SHANGHAI — Three days of intensive pitching came to an end on Friday evening when the Shanghai Intl. Film Festival’s China Film Pitch & Catch (CFPC) sessions wrapped.
Intended to promote the development of Chinese-foreign co-productions, and provide a little education for Chinese directors looking to hone their investment strategies, CFPC hit the ground running on Tuesday with a half-day of pitch training.
Seven Chinese helmers in search of funding (chosen from around 80 applicants) received one-on-one advice from American Film Institute consultant James Hindman and Elizabeth Daley, dean of USC School of Cinematic Arts.
Two days later, the seven pitched their now-honed projects to major Chinese and overseas investors, watched by several hundred international filmmakers, festival delegates and the press.
For young Chinese directors unused to the rigors of the five-minute pitch it was an intimidating experience and several came unstuck, mostly due to nerves.
“This type of presentation represents a whole new skill set for most of us,” said Gu Xiaobai, whose film “Going West” was an entrant at the event. “Mostly it’s about controlling your nerves and knowing what you want to say. You have to find a way to present your project truthfully, but focus on what makes it different from the other films being pitched.”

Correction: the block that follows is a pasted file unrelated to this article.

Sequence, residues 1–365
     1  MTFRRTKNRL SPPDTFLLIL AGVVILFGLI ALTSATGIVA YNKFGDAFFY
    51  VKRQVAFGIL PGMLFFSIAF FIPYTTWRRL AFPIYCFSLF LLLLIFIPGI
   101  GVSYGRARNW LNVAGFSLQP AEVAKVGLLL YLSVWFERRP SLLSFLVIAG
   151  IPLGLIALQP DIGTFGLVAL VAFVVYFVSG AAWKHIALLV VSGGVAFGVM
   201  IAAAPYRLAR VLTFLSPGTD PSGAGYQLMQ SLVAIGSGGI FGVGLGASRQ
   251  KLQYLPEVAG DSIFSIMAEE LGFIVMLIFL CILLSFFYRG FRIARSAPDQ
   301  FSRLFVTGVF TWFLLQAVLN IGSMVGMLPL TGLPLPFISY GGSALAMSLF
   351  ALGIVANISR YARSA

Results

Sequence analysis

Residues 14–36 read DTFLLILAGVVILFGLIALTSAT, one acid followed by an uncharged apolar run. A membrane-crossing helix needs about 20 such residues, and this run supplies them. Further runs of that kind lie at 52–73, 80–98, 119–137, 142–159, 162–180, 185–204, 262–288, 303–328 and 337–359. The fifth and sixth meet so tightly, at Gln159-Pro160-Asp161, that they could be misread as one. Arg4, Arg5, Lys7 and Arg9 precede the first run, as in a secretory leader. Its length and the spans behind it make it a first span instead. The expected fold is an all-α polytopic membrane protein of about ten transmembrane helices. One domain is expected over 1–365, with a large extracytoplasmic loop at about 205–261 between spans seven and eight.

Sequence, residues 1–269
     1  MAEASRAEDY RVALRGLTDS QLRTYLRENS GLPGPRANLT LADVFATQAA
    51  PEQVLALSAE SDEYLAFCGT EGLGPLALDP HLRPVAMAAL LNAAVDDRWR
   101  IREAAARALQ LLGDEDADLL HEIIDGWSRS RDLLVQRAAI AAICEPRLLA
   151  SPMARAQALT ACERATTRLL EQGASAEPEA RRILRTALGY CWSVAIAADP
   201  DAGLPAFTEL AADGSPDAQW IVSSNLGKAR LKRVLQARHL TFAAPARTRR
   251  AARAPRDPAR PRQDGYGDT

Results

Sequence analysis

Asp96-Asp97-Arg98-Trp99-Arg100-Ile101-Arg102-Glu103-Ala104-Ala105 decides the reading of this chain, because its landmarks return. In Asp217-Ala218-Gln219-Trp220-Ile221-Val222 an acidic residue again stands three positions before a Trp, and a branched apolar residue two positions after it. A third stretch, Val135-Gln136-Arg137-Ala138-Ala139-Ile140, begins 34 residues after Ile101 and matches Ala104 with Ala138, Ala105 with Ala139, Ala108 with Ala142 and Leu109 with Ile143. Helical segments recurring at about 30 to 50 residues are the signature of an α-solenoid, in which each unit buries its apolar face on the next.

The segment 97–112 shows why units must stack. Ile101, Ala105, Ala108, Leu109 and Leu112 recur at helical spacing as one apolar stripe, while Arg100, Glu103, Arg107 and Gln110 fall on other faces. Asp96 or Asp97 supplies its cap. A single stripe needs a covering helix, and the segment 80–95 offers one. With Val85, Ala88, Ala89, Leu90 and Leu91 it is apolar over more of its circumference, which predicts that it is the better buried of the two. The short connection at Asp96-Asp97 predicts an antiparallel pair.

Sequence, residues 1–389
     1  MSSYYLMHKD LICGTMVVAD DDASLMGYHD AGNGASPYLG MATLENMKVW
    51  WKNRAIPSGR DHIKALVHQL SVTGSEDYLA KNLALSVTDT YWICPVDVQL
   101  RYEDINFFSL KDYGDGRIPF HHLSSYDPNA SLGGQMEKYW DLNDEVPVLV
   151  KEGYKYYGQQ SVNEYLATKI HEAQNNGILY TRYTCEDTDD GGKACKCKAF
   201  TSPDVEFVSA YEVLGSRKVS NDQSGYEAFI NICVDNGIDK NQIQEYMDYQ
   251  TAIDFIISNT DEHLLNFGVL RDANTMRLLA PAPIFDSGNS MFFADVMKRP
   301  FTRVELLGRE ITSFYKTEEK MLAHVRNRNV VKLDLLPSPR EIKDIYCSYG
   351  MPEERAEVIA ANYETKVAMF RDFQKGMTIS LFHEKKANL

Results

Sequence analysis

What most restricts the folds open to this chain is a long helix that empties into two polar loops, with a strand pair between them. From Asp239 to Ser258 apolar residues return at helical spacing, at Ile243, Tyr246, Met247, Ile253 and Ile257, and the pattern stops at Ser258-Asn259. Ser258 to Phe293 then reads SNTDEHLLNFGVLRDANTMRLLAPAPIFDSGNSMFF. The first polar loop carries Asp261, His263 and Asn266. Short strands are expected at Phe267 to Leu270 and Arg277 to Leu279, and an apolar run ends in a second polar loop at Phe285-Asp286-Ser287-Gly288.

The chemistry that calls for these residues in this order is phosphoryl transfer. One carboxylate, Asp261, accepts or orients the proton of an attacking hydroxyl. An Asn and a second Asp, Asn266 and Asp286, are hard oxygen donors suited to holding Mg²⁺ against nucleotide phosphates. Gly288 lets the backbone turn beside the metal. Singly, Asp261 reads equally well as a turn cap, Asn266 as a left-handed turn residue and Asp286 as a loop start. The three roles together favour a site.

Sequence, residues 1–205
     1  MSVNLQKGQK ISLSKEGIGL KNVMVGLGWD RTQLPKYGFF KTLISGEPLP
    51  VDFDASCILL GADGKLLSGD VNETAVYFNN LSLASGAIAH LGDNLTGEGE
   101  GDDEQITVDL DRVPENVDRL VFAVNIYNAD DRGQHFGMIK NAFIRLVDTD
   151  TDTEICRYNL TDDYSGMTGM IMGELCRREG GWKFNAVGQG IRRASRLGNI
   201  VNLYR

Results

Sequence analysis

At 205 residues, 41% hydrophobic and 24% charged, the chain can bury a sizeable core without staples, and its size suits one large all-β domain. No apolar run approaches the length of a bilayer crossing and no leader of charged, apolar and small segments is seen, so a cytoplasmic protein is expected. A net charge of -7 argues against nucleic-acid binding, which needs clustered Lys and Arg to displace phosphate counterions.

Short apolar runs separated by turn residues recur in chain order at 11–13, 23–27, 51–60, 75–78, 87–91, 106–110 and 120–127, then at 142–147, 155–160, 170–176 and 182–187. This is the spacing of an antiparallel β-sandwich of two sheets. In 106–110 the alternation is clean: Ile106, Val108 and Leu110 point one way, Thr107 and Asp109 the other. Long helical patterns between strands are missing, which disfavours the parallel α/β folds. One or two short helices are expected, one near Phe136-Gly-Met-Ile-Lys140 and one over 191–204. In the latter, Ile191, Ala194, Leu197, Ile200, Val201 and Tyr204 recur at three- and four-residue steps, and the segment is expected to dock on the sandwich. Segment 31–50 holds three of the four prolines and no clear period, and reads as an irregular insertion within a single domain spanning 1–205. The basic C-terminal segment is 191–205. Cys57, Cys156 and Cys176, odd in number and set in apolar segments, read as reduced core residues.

A further 32 projects, a mix of local and international films outside the main pitching competition, were presented on Thursday.
Potential investor line-up featured about 20 European, U.S. and pan-Asian production houses, including Arte France Cinema, Orisa Produzioni and Unijapan, as well as a dozen or so Chinese companies.
“We have found enormous improvement in the organization this year, but there is still a lot to be done,” said Cristiano Bortone from Orisa, who has attended pitching sessions at SIFF before. “Making co-productions happen between Europe and a very different country like China is very difficult.”
At the closing event on Friday evening, two of the original seven projects were awarded prizes.
Yang Shupeng’s “The Robbers,” an historical kung fu action film, took the prize for the project with the biggest potential. Xiao Jiang’s “Goth’s Breath,” a contemporary rock ‘n’ roll dance film, won the award for most creative project. Both directors received free film processing credits with Cinelabs Beijing.